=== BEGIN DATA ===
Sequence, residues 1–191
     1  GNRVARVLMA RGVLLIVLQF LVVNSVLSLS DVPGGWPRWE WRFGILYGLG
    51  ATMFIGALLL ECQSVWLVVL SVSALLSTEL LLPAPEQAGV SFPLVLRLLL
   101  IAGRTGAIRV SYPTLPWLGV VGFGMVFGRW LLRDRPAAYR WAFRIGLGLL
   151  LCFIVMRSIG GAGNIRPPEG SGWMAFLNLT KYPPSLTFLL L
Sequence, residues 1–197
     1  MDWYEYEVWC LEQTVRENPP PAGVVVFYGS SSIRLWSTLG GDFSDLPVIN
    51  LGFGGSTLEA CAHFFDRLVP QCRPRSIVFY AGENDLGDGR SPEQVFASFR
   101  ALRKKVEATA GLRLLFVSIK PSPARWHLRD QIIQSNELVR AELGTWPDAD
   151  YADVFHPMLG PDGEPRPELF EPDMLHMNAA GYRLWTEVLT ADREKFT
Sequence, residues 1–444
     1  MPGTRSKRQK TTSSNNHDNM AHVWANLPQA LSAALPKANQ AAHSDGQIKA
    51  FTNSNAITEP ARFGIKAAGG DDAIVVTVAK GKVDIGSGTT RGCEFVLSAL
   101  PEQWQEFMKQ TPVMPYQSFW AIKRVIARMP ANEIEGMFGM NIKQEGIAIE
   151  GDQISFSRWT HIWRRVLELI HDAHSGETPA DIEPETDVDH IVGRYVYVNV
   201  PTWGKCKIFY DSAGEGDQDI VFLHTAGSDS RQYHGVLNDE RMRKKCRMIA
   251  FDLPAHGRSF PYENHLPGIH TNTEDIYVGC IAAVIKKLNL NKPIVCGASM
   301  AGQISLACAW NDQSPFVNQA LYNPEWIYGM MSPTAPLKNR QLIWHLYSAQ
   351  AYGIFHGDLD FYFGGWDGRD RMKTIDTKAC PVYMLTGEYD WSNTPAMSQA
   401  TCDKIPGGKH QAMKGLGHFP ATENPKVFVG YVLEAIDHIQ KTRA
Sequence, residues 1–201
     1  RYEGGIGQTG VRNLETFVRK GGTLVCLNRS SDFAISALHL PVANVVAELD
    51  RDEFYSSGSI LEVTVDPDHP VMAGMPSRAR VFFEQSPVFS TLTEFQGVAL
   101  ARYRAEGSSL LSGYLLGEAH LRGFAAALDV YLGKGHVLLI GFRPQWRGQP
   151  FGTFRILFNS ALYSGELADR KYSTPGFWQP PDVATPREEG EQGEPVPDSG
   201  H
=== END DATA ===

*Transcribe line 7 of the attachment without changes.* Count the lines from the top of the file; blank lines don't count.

     1  MDWYEYEVWC LEQTVRENPP PAGVVVFYGS SSIRLWSTLG GDFSDLPVIN